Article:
But despite the causes of these common soft-tissue injuries to the forearm and elbow, both conditions and the debilitating pain that come with them can be effectively treated and prevented.

The name ‘tennis elbow’ can definitely be a misleading one as it can affect anyone who frequently grips and twists their arms while swinging, carrying, or using a tool. This includes carpenters swinging hammers and turning screwdrivers, and landscapers or gardeners picking up rock, brick or pavers. It can even affect people who spend their days using a computer.

Tennis elbow, or lateral epicondylitis, is an overuse condition in the forearm muscles that leads to pain in the outside of the elbow. A condition that affects 1 to 3 percent of the population, tennis elbow is similar to golfer’s elbow (called medial epicondylitis by clinicians), which in contrast results in pain on the inside of the elbow.

The pain can happen at once or develop over time, and it can get worse when you grip, turn or twist things with your hand – say turning a door knob or opening a jar. While they’re not considered serious conditions, both tennis and golfer’s elbow can lead to long-term pain and possible tissue degeneration without proper rest and treatment.

The first key in treating the pain and inflammation that comes with tennis and golfer’s elbow starts with rest, ice and compression. Once the inflammation begins to subside, treatments can include exercises designed to restore flexibility and mobility while strengthening areas around the joint – all with an eye toward future injury prevention.

Such exercises – all performed in a seated position with the forearm parallel to the floor – may include:

Supination with a Dumbbell: Keeping your forearm steady and your palm up, grip the end of a light dumbbell (or heavy tool, like a hammer). Using only your wrist, steadily turn the dumbbell downward toward the floor, then rotate it to point back up toward the ceiling. Repeat, holding your elbow steadily in place. This strengthens the supinator muscle, the large muscle in your forearm which attaches to your elbow.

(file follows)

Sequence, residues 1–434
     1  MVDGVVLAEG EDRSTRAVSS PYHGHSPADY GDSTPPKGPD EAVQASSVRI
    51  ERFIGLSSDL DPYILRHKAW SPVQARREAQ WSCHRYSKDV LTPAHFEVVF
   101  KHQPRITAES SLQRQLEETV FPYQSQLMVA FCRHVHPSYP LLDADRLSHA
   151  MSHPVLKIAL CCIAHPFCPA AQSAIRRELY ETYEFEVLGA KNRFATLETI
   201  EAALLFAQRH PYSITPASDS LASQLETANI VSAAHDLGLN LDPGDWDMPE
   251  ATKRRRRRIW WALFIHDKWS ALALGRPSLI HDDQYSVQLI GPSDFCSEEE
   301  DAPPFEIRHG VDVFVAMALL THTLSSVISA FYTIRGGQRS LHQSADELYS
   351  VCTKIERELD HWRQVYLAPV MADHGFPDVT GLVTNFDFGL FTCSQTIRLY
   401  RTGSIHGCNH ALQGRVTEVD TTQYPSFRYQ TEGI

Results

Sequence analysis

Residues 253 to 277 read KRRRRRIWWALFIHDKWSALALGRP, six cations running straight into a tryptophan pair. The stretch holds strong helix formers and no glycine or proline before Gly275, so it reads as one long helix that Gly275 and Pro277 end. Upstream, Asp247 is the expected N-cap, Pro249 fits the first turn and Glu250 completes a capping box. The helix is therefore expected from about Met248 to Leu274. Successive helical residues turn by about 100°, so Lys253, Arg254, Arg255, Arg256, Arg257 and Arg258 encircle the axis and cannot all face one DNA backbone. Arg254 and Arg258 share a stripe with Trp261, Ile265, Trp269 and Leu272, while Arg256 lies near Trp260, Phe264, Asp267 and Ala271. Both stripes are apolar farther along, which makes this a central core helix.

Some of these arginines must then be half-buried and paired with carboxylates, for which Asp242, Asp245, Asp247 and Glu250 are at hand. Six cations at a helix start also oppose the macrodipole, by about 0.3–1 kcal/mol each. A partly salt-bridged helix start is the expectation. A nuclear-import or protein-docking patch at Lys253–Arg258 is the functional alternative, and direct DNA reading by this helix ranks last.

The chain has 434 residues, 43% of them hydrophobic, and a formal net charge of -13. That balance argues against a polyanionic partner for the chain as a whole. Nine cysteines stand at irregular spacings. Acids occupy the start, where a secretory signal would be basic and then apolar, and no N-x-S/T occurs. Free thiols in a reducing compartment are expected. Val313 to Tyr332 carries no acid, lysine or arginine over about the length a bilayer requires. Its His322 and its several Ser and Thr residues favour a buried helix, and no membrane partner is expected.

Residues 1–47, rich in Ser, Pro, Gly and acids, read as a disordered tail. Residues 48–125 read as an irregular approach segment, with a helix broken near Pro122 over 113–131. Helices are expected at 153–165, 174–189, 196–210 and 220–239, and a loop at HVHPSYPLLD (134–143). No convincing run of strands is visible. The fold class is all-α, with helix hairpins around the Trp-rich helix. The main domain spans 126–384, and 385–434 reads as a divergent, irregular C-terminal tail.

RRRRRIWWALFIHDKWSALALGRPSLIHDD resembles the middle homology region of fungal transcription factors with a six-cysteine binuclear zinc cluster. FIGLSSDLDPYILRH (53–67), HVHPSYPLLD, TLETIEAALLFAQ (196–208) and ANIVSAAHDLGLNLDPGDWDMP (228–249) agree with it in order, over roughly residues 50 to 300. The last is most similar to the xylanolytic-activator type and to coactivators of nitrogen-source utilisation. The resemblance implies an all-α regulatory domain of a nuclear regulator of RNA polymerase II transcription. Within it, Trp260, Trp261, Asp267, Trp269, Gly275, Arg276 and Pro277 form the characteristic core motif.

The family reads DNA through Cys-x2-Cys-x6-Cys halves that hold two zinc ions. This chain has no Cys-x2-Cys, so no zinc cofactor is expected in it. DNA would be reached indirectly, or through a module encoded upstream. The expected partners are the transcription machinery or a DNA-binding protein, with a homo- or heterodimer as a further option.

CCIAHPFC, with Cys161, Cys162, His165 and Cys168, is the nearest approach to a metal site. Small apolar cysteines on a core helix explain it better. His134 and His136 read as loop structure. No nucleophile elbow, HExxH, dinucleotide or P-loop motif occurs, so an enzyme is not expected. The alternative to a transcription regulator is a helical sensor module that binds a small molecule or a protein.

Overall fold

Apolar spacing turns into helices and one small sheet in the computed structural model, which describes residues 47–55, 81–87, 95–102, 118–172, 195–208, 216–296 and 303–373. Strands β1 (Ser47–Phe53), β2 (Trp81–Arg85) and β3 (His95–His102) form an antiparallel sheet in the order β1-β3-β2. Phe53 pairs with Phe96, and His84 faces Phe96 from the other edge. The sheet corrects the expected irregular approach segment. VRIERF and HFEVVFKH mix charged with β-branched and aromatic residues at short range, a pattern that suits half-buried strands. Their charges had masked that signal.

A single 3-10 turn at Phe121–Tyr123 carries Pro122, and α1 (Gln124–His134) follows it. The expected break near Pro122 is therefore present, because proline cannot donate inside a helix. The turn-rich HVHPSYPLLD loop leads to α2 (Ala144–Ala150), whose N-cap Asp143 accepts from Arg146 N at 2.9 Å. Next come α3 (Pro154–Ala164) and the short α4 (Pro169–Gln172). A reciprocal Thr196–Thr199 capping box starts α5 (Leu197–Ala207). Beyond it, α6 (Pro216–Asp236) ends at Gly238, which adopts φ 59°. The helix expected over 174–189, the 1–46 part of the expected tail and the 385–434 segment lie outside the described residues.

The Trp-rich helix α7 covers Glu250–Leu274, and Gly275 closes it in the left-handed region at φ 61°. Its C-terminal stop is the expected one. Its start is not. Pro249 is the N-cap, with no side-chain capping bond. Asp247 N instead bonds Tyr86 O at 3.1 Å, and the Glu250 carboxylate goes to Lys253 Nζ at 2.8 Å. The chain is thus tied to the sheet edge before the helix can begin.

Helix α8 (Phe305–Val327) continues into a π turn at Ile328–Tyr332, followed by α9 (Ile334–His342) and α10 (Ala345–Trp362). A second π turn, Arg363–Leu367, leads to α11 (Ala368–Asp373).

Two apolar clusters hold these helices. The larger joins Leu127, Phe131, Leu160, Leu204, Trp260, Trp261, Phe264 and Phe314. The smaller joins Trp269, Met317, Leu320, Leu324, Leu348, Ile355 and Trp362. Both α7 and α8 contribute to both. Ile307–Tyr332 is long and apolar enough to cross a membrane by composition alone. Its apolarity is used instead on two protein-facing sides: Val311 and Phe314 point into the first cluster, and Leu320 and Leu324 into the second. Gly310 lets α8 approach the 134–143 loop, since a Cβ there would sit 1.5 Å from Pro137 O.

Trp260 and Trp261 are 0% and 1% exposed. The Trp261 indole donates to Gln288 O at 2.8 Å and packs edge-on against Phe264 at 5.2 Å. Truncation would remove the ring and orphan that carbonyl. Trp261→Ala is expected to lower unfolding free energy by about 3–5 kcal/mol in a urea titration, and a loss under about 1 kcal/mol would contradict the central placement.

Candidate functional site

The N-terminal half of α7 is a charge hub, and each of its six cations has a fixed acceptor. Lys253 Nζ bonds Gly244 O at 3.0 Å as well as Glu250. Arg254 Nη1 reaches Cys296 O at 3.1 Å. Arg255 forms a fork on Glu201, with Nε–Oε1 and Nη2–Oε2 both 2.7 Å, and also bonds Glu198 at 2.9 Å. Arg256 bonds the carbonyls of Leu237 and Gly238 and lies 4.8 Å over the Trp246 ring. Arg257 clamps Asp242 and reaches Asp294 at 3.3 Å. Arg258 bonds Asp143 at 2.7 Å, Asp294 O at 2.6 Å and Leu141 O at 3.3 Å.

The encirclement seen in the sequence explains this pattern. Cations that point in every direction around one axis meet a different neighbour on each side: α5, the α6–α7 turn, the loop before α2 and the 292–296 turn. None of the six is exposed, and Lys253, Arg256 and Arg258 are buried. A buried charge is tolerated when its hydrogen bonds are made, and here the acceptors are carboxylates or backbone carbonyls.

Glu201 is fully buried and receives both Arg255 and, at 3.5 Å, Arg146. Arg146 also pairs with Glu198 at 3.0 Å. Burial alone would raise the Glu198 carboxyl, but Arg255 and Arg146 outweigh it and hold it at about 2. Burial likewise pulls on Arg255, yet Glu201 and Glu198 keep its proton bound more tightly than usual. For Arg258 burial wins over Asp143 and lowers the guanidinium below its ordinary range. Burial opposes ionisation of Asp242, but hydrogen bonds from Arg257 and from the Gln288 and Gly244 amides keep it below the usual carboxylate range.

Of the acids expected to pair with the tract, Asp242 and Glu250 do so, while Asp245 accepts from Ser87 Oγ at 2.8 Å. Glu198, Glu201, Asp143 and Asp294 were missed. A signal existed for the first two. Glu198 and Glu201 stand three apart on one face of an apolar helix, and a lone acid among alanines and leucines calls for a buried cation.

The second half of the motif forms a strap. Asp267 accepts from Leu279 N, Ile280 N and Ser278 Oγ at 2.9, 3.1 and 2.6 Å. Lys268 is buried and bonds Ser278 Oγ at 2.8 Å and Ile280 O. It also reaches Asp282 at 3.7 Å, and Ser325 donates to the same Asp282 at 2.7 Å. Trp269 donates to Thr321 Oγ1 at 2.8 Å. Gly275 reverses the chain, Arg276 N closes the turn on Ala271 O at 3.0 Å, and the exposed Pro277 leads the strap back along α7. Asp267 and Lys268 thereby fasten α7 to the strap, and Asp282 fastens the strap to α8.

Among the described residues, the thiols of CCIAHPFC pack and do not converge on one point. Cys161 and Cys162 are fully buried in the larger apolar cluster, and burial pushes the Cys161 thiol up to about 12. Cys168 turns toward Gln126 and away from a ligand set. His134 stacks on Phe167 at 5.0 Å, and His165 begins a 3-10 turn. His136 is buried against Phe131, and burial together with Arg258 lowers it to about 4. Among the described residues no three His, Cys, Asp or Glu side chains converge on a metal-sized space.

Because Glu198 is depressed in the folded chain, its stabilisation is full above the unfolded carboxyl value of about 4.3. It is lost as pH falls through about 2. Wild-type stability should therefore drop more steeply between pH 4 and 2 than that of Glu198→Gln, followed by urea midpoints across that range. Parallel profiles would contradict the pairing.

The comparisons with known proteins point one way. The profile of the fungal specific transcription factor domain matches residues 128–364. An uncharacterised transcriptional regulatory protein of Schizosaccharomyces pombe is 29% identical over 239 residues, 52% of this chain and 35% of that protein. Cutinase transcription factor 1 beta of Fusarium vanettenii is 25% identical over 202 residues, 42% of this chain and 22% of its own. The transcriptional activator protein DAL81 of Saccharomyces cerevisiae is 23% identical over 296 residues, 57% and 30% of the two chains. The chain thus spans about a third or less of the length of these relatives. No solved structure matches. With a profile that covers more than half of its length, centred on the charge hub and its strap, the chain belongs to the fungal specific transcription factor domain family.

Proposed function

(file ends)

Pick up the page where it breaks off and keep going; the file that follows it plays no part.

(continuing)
Wrist Extension: Using the same dumbbell, grab its center with your palm pointed down. Keeping your elbow steady, bend your wrist toward the floor, then lift back up so the back of your hand is even with your forearm. Repeat. This works the wrist extensors, the small muscles connected to the elbow that allow you to bend your wrist.

Write Flexion: Following your wrist extensions – again, holding the same light dumbbell – turn your forearm so it’s pointed up. Holding your elbow and forearm steady, curl your wrist upward, then slowly drop back to your starting position. Repeat. This exercise works your wrist flexors, the muscles opposite of your wrist extensors.

Such exercises and others can help you prevent elbow pain common with tennis elbow. However, if you experience any pain in or around your elbow that may limit your ability to work, play or perform common daily functions, contact your physical therapist first for a thorough evaluation and to discuss treatment options.

Dr. Jones is a physical therapist, speaker, author and co-owner of Kinetic Physical Therapy & Wellness and Kinetic Pediatric Therapy who specializes and holds several credentials in orthopedics and manual therapy. He is a member of the American Physical Therapy Association, National Strength and Conditioning Association, and the American Academy of Orthopedic Manual Therapists.

What Every Person With Cancer Needs

As National Cancer Survivors Day approaches on Sunday, June 4 this is the ideal opportunity to point out the ways research has shown that MOVEMENT and EXERCISE can improve the health and quality of life of those who suffer from and have survived cancer.

According to American Cancer Society, multiple studies have shown that regular physical therapy and exercise can have profound effects on those battling cancer, both physically and mentally – even to the extent of improving survival rates and lowering the risk of cancer recurrence.